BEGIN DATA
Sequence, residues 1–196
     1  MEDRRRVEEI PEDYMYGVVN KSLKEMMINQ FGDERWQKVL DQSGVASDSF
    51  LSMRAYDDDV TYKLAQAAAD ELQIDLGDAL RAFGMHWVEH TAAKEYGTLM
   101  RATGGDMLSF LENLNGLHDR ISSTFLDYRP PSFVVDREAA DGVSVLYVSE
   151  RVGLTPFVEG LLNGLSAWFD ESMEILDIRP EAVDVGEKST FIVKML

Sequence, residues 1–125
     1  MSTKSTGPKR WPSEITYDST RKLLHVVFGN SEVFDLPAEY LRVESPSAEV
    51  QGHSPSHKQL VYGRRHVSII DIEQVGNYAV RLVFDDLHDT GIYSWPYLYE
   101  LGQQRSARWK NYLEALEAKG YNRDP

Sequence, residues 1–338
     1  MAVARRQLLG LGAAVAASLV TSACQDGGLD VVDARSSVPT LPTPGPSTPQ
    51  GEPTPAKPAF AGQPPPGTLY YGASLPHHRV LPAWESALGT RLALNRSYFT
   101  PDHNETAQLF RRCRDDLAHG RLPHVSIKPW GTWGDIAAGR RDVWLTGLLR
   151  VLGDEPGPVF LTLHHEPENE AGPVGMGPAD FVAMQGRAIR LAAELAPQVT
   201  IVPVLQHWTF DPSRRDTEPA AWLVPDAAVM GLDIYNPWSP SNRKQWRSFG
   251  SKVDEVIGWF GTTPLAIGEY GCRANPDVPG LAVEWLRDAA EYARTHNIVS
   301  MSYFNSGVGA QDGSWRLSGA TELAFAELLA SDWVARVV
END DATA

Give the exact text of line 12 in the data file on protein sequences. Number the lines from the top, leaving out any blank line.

    51  GEPTPAKPAF AGQPPPGTLY YGASLPHHRV LPAWESALGT RLALNRSYFT